San Francisco-based Uber will invest $225 million in the new company and Yandex $100 million, putting its value at over $3.7 billion. The companies said that together they deliver over 35 million rides a month, with $130 million in gross bookings in June. Yandex is the bigger company, with roughly the twice the business Uber currently has in the region.

In both Russia and China, Uber was having trouble competing against larger ride services that have the advantages of being the hometown company and knowing cultural differences, said independent technology analyst Jan Dawson of Jackdaw Research in California. "It's like competing with Google in the U.S.," he said. "They just weren't really making headway against the local competitors."

  • Afghan girls will be allowed into US for robotics contest

U.S. officials will allow a group of Afghan girls into the country to participate in an international robotics competition after President Donald Trump intervened, White House spokeswoman Sarah Huckabee Sanders confirmed Wednesday, ending a saga that had sparked international backlash.

Homeland Security Department spokesman David Lapan said the U.S. Citizenship and Immigration Services approved a State Department request for six girls from the war-torn country to be allowed in, along with their chaperone, so they can participate in the competition. The girls' applications for U.S. visas had been denied twice.

The non-profit organizing the competition celebrated the reversal in a jubilant statement Wednesday.

"I truly believe our greatest power is the power to convene nations, to bring people together in the pursuit of a common goal and prove that our similarities greatly outweigh our differences," said Joe Sestak, the president of First Global. He credited "the professional leadership of the U.S. State Department" for ensuring that all 163 teams from 157 countries, including a team of Syrian refugees, would be able to participate.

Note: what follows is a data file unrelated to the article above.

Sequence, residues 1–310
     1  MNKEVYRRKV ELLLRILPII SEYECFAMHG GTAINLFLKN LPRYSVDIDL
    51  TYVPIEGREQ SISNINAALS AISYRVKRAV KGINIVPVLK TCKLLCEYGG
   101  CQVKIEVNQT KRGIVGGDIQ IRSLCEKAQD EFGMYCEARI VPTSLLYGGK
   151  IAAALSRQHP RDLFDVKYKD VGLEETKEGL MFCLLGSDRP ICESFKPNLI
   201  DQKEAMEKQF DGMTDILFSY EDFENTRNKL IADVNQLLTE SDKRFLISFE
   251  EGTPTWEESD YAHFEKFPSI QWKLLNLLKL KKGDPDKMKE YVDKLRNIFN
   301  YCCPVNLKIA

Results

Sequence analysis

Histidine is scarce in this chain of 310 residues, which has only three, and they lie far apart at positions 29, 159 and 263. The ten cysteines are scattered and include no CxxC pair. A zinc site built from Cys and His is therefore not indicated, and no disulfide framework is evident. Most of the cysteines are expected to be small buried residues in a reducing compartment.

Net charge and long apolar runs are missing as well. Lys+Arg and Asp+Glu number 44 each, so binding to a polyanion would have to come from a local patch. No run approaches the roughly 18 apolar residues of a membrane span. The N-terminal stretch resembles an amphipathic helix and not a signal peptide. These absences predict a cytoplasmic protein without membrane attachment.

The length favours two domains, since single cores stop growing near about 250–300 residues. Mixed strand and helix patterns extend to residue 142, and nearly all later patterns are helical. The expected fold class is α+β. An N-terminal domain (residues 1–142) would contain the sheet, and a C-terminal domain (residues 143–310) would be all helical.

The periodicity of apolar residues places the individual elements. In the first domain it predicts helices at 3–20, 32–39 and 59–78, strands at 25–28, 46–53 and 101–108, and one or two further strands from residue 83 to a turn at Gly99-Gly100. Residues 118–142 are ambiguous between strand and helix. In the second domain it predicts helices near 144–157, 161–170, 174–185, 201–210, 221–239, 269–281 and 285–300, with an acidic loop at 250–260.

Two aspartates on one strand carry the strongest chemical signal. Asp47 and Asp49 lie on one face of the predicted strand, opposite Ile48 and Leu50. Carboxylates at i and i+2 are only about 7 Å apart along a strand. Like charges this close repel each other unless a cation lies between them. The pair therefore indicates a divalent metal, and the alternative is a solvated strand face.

The U.S. State Department had declined to comment on why the Afghan team's visa applications were denied, saying that "all visa applications are adjudicated on a case-by-case basis in accordance with U.S. law."

A senior administration official said that Trump raised the issue with his national security adviser, H.R. General McMaster, during his trip to Germany last week for the Group of 20 summit, and had asked for additional options. The State Department and Department of Homeland Security came up with several — with the idea of "paroling" the girls through the Department of Homeland Security ultimately chosen by the National Security Council. The person spoke on condition of anonymity to discuss the private deliberations.

  • Human Rights Watch says Brazil is risking new Zika surge

Poor sanitation and water conditions that contributed to an outbreak of Zika persist in Brazil and leave the country vulnerable to a resurgence of the virus, a rights group said Thursday.

Brazil declared an end to the public health emergency over the mosquito-borne disease in May, 18 months after a surge in cases of the virus, which has been linked to birth defects. But Human Rights Watch is warning of the threat of a new outbreak, saying Brazil has done too little to help the millions who don't have a continuous water supply or access to adequate sanitation services.

The group's report notes that because more than one-third of Brazilians can't count on their water supply, they often store water in tanks, which can serve as mosquito breeding grounds if not covered or treated. Researchers with the group also described seeing raw sewage flowing into communities, where it sometimes creates dirty pools of water that also are ideal breeding grounds.

"Years of neglect contributed to the water and wastewater conditions that allowed the proliferation of the Aedes mosquito and the rapid spread of the virus," the report said. "Brazilian authorities should make long overdue investments in water and sanitation infrastructure to control mosquito breeding and improve public health."

The report also urges the government to decriminalize abortion and provide more support to children who are suffering from the effects of Zika. Abortion is illegal in Brazil except in cases of rape, danger to a mother's life or anencephaly, a birth defect involving the brain. Some research indicates that more women sought illegal abortions in Brazil during the Zika outbreak.